Tuesday, June 23, 2009

Speaking of Speakers...

In perhaps the most cringeworthy moment of yesterday, soon-to-be Speaker John Bercow imitated Tory grandee Sir Peter Tapsell’s reaction to his candidacy:

You're not just too young, you're far too young, given that in my judgment the Speaker ought to be virtually senile.

Bercow is indeed young: 46, compared with Michael Martin (who was 55 on taking the chair), Betty Boothroyd (62), Bernard Weatherill (62), Viscount Tonypandy (67)… and so on.

To find a younger Speaker, you have to go back to Charles Shaw-Lefevre, 1st (and only) Viscount Eversley, who on 27 May 1839 was elected to the Speakership at the slightly tenderer age of 45 (and indeed by the narrower margin of 317 votes to 299; Bercow beat Sir George Young by 322 to 271).

Did Shaw-Lefevre’s relative youth prove a handicap? Apparently not: the Encyclopaedia Britannica records that during his 18 years in the chair, he acquired “a high reputation in the House of Commons for his judicial fairness, combined with singular tact and courtesy”.

Now, I bet you didn’t know that there’s Hansard online going back to 1803. So, on that May evening in 1839, in putting forward his candidacy, Shaw-Lefevre said:

any qualifications which I may be thought to possess for the office of Speaker, cannot in any degree bear a comparison with those of that right hon. Gentleman whose recent retirement from the Chair has now become a subject of universal regret.

The responsibility which in ordinary times, and under ordinary circumstances, is inseperable from the laborious duties of the Chair, is of a sufficiently grave and anxious character. But in these times I regret to say, and in the present excited state of political feeling, that responsibility is immesurably increased. Entertaining, these opinions, it may not unreasonably be thought that I am presumptions in allowing myself to be placed in nomination as a candidate on the present occasion.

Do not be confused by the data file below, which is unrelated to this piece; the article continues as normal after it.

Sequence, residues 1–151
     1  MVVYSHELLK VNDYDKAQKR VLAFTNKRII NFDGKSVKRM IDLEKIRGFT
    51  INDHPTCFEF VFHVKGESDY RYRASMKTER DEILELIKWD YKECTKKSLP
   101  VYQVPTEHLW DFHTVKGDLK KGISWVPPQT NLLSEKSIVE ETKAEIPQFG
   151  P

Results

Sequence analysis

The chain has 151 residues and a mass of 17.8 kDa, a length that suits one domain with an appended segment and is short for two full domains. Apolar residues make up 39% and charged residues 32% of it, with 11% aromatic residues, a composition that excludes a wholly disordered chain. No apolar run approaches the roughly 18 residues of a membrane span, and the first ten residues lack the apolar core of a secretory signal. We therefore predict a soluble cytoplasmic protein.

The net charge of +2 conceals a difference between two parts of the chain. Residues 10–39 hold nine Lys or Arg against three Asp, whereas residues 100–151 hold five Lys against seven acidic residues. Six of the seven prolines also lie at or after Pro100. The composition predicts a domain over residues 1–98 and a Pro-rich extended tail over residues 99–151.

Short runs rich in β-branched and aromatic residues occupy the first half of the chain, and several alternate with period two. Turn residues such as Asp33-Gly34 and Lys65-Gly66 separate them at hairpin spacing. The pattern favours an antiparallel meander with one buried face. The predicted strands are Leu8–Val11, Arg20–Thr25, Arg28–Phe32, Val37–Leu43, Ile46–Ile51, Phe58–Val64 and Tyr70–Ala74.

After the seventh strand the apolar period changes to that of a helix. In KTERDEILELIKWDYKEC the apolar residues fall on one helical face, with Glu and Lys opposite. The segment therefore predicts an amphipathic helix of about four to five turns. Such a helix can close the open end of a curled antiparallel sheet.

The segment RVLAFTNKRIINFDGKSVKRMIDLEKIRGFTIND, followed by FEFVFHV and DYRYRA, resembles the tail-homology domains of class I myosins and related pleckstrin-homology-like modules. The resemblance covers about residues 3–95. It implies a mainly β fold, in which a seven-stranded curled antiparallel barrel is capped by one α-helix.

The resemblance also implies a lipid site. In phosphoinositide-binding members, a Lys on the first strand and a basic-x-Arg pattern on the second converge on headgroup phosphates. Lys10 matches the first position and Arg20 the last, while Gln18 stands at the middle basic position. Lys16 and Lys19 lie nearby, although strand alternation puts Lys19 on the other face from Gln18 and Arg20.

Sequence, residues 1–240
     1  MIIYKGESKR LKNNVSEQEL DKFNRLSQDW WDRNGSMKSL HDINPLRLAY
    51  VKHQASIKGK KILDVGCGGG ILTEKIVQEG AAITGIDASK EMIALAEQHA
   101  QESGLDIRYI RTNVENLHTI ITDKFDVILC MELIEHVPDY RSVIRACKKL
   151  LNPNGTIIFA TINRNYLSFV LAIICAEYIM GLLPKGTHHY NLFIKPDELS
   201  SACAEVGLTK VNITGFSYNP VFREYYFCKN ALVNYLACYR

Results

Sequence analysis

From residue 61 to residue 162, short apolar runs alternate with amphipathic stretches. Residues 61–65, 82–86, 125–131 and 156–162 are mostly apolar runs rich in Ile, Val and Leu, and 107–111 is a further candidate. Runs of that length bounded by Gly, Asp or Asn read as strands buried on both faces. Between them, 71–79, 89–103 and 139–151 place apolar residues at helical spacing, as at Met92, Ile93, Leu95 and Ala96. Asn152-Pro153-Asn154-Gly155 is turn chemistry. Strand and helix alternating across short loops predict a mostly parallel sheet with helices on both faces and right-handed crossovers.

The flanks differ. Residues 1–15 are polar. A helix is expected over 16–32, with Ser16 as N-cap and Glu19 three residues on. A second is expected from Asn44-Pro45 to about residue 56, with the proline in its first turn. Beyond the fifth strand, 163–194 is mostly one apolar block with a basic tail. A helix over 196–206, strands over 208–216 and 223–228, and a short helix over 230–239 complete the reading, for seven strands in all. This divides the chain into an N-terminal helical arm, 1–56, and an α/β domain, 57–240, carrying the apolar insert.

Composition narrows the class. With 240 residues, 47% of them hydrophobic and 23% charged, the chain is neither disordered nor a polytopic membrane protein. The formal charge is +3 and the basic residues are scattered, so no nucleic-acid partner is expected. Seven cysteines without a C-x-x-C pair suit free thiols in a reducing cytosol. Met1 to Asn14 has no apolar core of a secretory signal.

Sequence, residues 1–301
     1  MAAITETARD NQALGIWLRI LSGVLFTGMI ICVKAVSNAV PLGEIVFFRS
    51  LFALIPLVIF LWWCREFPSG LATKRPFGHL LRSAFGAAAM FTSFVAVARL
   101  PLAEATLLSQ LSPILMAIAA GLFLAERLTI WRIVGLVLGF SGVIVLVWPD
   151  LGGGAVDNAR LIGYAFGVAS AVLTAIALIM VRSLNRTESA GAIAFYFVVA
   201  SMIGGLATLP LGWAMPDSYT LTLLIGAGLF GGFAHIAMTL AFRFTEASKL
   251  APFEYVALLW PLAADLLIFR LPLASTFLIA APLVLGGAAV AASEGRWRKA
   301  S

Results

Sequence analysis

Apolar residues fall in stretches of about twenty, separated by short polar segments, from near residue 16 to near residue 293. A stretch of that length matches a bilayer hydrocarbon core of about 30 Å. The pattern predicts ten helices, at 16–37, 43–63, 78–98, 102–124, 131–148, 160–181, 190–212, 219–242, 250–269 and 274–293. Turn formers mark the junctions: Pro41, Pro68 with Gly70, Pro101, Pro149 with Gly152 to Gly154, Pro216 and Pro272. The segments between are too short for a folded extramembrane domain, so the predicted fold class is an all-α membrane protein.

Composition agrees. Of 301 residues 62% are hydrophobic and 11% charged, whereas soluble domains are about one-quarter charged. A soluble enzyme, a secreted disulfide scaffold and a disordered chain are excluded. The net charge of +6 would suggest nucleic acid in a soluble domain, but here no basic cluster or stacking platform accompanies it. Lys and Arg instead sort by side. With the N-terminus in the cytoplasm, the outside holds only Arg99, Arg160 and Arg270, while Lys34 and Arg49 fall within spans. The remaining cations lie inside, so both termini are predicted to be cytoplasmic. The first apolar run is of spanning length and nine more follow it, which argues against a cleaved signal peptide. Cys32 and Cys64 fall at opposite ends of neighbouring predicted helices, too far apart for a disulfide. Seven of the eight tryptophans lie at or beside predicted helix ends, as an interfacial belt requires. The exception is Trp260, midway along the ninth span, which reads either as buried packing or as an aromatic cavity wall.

I yield to no one in a desire to maintain the honour and dignity of this House, in a strong sense of the importance of protecting its privileges from being in the slightest degree trenched upon, and in a firm determination to exert all the energies I possess in the discharge of any duty which the House may impose upon me. With these observations I cheerfully submit myself to the pleasure of the House.

Plus ça change: the panegyric to the outgoing Speaker (a Scot, who apparently “was not very successful in quelling disorder” and quit the chair for a peerage and a fat pension); the laughably false modesty; the concerns about “the present excited state of political feeling”; the hailing of “the honour and dignity of this House” – but of course.

But “protecting its privileges”? Don’t think that would go down so well these days…

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